The weekend saw a bit of rainfall, but not enough to shore up the growing gap. At best, the small storm dropped a little more than half an inch. However, with San Diego around 3 inches below average, such little rainfall will do little to restore the area.

Hopefully, the chance of rainfall after this hot week will close that gap a bit. If not, then San Diego will be in for a very dry and brown summer. The city could face serious fire issues once August, the usual hottest month of the year, rolls around.

Grants Grow to $6M for the Benefit of Small Businesses

Grants Grow to $6M for the Benefit of Small Businesses

Grants in excess of an additional $6 million in allocations to help San Diegans were announced by Mayor Todd Gloria. This grant money is part of Gloria’s effort to help the city resident recover from the economic effects of the COVID-19 pandemic.

Also, it is part of the City of San Diego’s Small Business and Nonprofit Relief Fund program. This is in partnership with The San Diego Foundation. 

Moreover, in total, the grant program has, in fact, gone and provided relief to 1,514 small businesses and 166 nonprofit organizations in San Diego.

“In fact, today I am proud to announce that we have actually provided an additional $6 million in small business and nonprofit grants throughout the city of San Diego. Therefore, this amount is on top of the $6 million that we have actually announcing back in November of last year,” Mayor Gloria said.

Moreover, this financial assistance is part of Mayor Gloria’s “Back to Work SD” program, which is allocating $10 million for small business and nonprofit grants. The San Diego Foundation has provided an additional $2 million to support local nonprofit organizations. It is to increase the total program funding to $12 million. 

Grants – Local Partners

Also, the local partners include the County of San Diego Black Chamber of Commerce, Asian Business Association of San Diego, San Diego County Imperial Valley Hispanic Chamber of Commerce and San Diego & Imperial Small Business Development Center. Moreover, they have helped connect these funds to local businesses.

Thus, the Women’s Museum of California was one of the grant recipients. The director of the museum, Felicia Shaw, has said she’s already used the money to hire two employees.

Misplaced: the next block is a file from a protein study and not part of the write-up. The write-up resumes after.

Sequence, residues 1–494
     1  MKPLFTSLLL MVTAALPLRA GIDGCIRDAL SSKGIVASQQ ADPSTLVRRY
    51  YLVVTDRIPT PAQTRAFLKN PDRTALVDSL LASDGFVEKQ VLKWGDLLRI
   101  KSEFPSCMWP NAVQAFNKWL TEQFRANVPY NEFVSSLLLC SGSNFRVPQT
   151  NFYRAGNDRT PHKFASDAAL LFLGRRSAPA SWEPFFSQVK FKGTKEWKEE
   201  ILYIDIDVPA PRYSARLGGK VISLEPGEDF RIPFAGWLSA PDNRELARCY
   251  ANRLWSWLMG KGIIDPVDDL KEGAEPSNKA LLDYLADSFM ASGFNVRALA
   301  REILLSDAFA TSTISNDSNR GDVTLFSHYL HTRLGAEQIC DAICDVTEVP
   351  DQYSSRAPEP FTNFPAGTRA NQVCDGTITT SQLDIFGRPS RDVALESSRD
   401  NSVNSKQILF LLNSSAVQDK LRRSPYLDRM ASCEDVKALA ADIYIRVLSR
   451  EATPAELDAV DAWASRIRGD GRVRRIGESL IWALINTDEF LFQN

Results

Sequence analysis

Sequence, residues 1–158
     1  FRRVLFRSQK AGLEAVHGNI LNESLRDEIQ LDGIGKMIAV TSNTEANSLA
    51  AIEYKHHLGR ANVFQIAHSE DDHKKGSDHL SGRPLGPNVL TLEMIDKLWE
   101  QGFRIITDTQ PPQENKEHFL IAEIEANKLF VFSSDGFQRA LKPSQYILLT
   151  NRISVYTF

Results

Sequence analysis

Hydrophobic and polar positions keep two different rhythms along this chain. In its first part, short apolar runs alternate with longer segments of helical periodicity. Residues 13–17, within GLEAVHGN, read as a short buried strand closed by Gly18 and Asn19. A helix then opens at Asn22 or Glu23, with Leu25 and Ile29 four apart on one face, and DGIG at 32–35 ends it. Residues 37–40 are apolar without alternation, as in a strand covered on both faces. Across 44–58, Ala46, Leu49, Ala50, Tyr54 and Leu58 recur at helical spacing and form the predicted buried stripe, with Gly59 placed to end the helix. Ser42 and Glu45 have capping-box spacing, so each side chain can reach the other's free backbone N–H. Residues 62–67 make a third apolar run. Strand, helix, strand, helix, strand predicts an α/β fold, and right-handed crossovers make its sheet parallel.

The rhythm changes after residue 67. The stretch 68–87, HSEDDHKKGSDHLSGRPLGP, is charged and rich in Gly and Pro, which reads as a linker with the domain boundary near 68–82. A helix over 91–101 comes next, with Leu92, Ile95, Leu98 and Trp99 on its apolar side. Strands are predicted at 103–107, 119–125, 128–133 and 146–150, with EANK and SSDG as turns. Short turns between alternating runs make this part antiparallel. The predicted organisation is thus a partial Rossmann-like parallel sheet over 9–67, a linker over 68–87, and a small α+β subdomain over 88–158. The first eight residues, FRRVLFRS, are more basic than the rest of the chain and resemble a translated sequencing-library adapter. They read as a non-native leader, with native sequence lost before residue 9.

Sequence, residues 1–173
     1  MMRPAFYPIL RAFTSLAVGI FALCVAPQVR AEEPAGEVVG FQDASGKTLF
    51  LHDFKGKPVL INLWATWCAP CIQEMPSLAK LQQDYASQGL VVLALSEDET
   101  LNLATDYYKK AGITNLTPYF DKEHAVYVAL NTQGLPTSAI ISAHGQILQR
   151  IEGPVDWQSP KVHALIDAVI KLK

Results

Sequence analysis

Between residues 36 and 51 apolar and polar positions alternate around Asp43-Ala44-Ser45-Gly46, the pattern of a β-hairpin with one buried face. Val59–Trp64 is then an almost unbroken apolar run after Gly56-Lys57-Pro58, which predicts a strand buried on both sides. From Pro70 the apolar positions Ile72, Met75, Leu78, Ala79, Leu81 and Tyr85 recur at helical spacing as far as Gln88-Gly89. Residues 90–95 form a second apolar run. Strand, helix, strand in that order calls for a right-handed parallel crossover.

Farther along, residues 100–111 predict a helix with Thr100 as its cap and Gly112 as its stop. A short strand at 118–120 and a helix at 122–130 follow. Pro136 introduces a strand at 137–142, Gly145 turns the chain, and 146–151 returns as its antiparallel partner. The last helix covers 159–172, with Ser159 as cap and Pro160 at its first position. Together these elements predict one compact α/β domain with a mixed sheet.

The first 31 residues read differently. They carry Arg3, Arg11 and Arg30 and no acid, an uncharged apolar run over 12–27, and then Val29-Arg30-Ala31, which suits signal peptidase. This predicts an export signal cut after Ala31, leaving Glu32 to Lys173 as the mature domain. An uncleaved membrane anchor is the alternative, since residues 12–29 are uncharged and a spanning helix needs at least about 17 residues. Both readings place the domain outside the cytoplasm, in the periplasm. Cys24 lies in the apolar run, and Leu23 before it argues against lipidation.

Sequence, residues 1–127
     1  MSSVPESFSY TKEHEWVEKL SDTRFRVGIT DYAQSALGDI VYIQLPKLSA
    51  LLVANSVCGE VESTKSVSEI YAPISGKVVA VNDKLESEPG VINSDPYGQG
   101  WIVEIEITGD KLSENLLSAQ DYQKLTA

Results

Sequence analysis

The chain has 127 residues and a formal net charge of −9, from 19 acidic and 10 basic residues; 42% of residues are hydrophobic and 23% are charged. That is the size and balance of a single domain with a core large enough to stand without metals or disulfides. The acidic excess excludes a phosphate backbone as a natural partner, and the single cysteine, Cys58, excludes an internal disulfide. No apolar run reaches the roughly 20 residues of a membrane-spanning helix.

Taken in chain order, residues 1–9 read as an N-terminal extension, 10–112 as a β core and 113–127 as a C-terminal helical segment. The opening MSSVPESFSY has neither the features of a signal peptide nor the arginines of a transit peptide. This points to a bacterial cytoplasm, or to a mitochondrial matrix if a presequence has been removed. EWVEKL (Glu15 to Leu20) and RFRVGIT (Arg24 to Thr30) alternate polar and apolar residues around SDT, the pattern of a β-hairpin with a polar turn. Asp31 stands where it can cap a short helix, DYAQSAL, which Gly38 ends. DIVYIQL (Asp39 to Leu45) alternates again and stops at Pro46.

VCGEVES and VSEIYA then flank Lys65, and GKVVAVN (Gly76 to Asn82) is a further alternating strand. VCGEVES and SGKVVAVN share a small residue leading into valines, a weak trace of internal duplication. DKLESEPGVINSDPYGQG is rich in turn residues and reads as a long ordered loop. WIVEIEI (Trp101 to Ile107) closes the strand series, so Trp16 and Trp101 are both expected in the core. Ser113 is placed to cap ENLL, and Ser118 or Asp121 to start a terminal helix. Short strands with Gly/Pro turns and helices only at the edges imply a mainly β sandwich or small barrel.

“[These] two positions are going to be really amazing and important to the organization. It would be to do community outreach, programming. In fact, these are young women of color who were unemploying before this happened. Therefore, so we are doing the work,” she said.

Also, the relief grants to nonprofit organizations do, in fact, range from $5,000 to $100,000. Ten nonprofit organizations received $100,000 grants, including:

Casa Familiar; ElderHelp of San Diego, Elementary Institute of Science; Media Arts Center San Diego; Monarch School Project; New Americans Museum and Immigrant Learning Center; Nile Sisters Development Initiative; Urban Corps of San Diego County; Wesley House Student Residence and Women’s History Reclamation Project with the Women’s Museum of California.

Microbusinesses Granted $2,500 Each, Thanks to Multi-Million Donation

Microbusinesses Granted $2,500 Each, Thanks to Multi-Million Donation

Microbusinesses including those that are affecting by the COVID-19 pandemic will receive almost $3.9 million. It was a decision made by the county supervisors on Tuesday which was unanimously approving. This is part of a grant program that is partially funding by a state office.

Microbusinesses – Grants

Also, the supervisors have approved a total of $3.875 million to provide grants of $2,500 each to eligible businesses. In fact, the California Office of the Small Business Advocate is also providing partial funding for the county grant program.

Moreover, to qualify, the businesses must have earned less than $50,000 in 2019. Plus also be the owner’s primary source of income. In fact, they have five or fewer employees. It would be this year and in 2019 through 2021.

In fact, the microbusiness owners would also be eligible that is if they were very much impacted by COVID-19. Therefore, they haven’t received any grant money from the state Small Business COVID-19 Relief Grant Program.